The ways we leave immigrant families behind are unconscionable. This is evident in the significant disparities in COVID-19 outcomes, with Latino communities among the hardest hit. These disparities stem largely from longstanding systemic inequities such as disparate access to healthcare, inadequate housing, and jobs that don’t have paid medical leave or an option to stay home to stay safe during this pandemic (roughly one in six Hispanic workers are able to work from home compared to nearly 1 in 3 white workers).
As Delegate I:
- Called on Governor Northam to ensure broader outreach to Latino families during COVID-19
- Called for greater rent support for all Virginians, regardless of their immigration status
- Fought for increased funding for rent relief programs and representation for eviction proceeding cases
- Worked to pass the Virginia Dream Act, bringing higher education to all our Virginians regardless of their immigration status
- Supported legislation to make it possible for undocumented residents to acquire driver’s licenses
- Proposed a budget amendment to repeal the 40-Quarter rule, an outdated work restriction that prevents many from accessing the healthcare that they need
As a graduate of the Virginia Military Institute, I have the utmost respect for our veterans and their commitment to putting service before self. With nearly one in ten Virginians being a veteran, our Commonwealth is a proud home to many returning to civilian life. We must do all that we can to support our veterans like they do for us.
In the House of Delegates, I:
- Passed legislation allowing service disabled veteran-owned businesses to purchase property (i.e. computers, desks, and other equipment) that the government no longer needs. This effort, inspired by feedback from veteran-owned businesses in Prince William County, made it possible for nearly 311 certified service-disabled Veteran-owned small businesses in Virginia to access the capital needed to launch their businesses confidently.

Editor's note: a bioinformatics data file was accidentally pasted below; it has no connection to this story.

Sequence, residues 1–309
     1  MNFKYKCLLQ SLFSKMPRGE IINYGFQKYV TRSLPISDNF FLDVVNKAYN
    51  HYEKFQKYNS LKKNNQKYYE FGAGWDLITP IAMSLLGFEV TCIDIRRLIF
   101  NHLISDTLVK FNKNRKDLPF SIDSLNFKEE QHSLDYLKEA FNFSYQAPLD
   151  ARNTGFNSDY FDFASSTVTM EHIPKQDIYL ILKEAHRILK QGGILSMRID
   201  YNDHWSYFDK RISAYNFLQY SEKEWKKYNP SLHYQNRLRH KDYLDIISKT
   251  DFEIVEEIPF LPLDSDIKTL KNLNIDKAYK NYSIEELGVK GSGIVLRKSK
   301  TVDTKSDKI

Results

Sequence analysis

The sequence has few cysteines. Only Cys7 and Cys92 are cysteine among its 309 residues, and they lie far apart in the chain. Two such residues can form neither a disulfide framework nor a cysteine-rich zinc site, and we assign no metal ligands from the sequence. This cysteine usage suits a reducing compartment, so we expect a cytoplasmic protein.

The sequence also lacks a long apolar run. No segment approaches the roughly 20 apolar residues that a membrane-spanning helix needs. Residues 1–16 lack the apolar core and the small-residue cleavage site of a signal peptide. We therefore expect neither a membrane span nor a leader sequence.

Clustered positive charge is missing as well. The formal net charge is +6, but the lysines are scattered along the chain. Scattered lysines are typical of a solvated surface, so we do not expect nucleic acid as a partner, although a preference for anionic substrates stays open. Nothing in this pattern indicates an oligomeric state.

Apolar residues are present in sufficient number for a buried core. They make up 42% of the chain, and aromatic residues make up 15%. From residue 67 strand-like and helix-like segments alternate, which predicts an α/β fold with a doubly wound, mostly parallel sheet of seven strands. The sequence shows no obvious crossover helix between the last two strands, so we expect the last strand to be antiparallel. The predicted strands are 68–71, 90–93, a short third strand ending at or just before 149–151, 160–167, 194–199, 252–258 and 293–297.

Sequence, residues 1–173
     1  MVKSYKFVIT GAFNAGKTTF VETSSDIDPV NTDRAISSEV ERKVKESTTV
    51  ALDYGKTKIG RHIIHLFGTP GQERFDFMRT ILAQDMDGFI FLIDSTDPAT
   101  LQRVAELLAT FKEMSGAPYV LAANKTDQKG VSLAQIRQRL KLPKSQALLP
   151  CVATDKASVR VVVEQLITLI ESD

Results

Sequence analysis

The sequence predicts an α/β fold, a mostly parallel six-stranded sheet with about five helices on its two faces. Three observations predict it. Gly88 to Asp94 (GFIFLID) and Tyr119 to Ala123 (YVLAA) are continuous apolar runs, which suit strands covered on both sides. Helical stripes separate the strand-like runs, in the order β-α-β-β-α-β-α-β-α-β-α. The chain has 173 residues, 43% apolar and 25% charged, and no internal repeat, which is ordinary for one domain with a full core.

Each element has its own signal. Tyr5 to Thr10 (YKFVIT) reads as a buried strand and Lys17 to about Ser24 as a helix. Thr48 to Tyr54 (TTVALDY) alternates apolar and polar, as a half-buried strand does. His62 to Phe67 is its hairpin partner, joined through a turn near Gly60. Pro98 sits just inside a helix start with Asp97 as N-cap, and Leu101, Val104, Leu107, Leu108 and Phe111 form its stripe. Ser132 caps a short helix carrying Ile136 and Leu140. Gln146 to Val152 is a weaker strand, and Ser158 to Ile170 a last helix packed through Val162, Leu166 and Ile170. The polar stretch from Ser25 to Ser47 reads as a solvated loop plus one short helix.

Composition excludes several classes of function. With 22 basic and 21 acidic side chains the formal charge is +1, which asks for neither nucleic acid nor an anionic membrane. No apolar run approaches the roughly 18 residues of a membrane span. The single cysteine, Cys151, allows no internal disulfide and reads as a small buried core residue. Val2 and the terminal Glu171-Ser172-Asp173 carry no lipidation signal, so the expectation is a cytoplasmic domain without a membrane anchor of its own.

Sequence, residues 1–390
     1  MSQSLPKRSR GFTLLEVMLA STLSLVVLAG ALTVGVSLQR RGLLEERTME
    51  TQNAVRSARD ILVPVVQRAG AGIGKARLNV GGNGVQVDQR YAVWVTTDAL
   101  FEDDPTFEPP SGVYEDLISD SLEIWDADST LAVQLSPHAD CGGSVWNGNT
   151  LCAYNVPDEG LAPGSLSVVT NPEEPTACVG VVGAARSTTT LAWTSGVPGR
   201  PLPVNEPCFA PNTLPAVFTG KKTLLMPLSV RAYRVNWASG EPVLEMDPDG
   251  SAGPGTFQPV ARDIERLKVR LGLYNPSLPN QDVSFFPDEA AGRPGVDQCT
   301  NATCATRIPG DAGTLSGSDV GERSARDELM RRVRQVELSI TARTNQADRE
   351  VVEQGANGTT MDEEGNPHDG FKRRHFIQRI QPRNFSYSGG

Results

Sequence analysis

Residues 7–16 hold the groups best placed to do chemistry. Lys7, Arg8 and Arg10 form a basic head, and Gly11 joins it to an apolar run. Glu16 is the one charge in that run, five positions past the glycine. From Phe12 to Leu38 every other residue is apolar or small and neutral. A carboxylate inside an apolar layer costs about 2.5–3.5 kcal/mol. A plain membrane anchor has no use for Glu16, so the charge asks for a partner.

- Proposed amendments to the state budget to restore two key workforce development programs that help veterans enter the workforce — Virginia’s Job Investment Program and Virginia’s Talent Accelerator Program.
- Co-sponsored legislation expanding access to alternative treatment options for those experiencing PTSD and related conditions.
- Led efforts to raise funding for programs and initiatives geared towards women veterans
- Supported a bill to name the last full week of March as Women Veterans Week, highlighting the unique challenges women veterans face, especially around pregnancy and childbirth
As a mother and former foster parent, I believe that protecting our environment is one of the most important things we can do for the future of our children. Climate change is not a distant threat, but rather an immediate danger that’s impacted the lives of all Virginians. When I learned in 2017 that water in my district was being contaminated with lead and arsenic from a Dominion Energy plant, I vowed to lead the clean-up effort — for my two boys, Xander and Alex, and for my neighbor’s children. My bipartisan legislation forced Dominion Energy to clean up the coal leaks in my district and across the Commonwealth.